2014-03-21 11:55:35 AM  

Fart_Machine: So if a corporation's product kills someone can they be prosecuted for murder? Because that's how stupid this shait has gotten.


And executed!
 
2014-03-21 11:58:48 AM  

BMFPitt: Citizens United dies not, contrary to the majority opinion of Fark, bestow magical powers upon corporations.

An individual person cannot just opt out of laws because Jeebus, therefore an incorporated group of people cannot, either.


Except that's ex-farking-zactly what the Hobby Lobby suit is trying to do.
 
2014-03-21 11:59:45 AM  

EvilEgg: 1. Corporations are not people

1. Corporations are not people
1. Corporations are not people
1. CORPORATIONS ARE NOT PEOPLE GODAMMIT!!!
 
2014-03-21 12:02:55 PM  

Triple Oak: EvilEgg: Corporations are not people

I think we've hit the important points today, done in two.

Corporations are Aggregate Persons, as are unions, trusts, incorporated communities, etc. As such, they are not Natural Persons (sapient beings), who are the only entities to possess Inherent and Unalienable Rights of Personhood. Aggregate and Estate Personhood are legal fictions designed to enable organizations comprised of groups of Natural Persons acting together, and the estates left by deceased Natural Persons, respectively, to participate on an equal footing with individual Natural Persons in contract and civil tort law. As such, they are granted Powers which mimic certain Rights such as property rights.

The very word "corporation" derives from the Latin corpus meaning "body," as in "corporeal punishment," "corpse," "habeus corpus," "corpus delecti," etc. This was intended to show that, in certain legal matters and on a legal fictional basis only, they are indeed Persons.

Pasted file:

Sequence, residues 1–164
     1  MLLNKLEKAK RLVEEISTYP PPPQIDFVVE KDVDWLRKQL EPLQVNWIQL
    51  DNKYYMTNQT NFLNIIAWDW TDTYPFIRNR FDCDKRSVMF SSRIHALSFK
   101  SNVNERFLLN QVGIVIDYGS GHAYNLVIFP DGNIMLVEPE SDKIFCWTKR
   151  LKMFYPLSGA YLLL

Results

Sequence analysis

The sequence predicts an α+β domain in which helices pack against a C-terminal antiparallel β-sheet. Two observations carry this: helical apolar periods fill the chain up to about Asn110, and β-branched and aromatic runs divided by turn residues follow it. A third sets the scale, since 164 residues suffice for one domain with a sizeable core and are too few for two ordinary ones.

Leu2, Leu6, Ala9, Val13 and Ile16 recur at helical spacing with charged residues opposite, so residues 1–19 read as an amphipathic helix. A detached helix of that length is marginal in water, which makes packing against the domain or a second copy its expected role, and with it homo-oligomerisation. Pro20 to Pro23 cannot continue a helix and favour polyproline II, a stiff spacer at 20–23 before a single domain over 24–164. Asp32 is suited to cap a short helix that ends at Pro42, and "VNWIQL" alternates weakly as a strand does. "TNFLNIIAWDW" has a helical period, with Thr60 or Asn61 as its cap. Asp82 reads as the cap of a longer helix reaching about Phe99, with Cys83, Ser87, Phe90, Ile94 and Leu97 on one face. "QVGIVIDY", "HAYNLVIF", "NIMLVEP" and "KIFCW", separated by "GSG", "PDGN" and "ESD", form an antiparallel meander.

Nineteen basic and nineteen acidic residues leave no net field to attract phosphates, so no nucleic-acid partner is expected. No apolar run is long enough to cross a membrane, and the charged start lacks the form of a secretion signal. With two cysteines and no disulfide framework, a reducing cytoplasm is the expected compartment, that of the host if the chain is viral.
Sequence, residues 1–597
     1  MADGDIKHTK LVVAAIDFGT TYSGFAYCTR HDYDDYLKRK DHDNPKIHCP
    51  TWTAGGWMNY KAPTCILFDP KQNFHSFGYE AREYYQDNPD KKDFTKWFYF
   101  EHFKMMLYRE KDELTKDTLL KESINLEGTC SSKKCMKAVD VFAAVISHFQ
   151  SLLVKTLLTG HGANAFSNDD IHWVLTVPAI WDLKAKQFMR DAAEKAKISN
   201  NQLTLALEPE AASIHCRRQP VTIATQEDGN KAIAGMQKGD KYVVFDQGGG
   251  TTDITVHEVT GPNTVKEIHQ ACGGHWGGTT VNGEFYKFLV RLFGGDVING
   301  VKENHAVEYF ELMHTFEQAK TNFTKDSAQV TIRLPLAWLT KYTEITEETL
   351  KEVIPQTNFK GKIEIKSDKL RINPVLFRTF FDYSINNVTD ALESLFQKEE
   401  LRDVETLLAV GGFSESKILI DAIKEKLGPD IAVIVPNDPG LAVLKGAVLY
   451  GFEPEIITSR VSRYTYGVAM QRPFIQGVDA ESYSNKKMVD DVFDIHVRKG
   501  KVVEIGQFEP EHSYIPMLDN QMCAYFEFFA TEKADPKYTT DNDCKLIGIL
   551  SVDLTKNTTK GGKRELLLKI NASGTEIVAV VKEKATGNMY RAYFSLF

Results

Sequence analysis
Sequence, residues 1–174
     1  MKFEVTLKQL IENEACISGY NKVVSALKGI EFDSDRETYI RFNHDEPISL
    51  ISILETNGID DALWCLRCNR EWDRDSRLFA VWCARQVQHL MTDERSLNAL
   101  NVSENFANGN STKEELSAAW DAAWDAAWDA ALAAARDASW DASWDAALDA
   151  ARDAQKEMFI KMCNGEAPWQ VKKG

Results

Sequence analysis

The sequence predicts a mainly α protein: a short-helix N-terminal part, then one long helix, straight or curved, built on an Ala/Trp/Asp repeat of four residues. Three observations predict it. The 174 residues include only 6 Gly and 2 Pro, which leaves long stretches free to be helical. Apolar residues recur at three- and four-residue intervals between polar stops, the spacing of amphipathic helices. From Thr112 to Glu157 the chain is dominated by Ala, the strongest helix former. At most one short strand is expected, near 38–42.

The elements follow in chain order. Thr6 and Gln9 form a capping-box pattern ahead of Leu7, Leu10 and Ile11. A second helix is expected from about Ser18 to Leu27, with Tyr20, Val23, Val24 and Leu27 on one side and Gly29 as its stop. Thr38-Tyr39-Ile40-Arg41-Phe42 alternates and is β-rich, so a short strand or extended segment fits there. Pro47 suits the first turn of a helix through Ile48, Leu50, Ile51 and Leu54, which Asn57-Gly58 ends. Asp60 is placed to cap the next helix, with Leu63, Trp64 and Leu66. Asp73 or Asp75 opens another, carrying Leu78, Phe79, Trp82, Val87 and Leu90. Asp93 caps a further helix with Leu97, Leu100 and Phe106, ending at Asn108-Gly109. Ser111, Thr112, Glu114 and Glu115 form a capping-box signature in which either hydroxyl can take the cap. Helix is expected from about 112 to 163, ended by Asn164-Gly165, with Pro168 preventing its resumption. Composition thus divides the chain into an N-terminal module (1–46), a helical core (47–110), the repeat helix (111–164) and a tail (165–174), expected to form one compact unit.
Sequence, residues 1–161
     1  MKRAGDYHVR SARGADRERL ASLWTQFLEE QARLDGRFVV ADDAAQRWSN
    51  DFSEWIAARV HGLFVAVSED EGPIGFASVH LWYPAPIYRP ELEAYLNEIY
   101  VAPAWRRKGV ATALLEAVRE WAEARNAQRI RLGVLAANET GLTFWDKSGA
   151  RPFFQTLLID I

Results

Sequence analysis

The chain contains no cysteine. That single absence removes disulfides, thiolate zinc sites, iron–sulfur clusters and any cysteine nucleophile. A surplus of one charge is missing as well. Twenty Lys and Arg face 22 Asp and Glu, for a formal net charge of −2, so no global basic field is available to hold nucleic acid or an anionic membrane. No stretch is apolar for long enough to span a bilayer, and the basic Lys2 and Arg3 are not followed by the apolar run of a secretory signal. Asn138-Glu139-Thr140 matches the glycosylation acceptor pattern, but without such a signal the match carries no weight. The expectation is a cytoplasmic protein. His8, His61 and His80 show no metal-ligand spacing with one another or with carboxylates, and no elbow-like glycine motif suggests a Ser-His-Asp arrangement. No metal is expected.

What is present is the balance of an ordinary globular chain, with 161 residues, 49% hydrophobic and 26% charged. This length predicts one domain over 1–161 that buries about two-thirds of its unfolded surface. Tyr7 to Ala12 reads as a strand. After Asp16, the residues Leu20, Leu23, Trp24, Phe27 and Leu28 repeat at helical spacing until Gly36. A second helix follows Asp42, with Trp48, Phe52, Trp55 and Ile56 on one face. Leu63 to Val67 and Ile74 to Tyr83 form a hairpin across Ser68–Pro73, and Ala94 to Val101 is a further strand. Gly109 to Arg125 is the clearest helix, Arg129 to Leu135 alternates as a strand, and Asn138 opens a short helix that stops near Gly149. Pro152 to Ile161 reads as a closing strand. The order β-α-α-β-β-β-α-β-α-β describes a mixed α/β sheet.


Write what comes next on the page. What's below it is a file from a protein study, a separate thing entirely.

Where Citizens United went wrong was to extend these pseudo-Right Powers to matters not required for enabling corporations (and Aggregate Persons in general) to act as equals to Natural Persons in matters of civil tort and contract law. Freedom of Speech and of Religion are not included in such pseudo-Rights. Owning property including intellectual property is an example of such a pseudo-Right that is valid for corporations.

/IANAL
 
2014-03-21 12:03:10 PM  
This is the kind of thing that should have been flatly dismissed.
 
2014-03-21 12:04:11 PM  
FTA:
"Appellants also argue that Citizens United is applicable to the Free Exercise [of religion] Clause because ―the authors of the First Amendment only separated the Free Exercise Clause and the Free Speech Clause by a semi-colon, thus showing the continuation of intent between the two," said circuit judge Robert Cowen in the Conestoga Wood appeals court decision. "We are not persuaded that the use of a semi-colon means that each clause of the First Amendment must be interpreted jointly."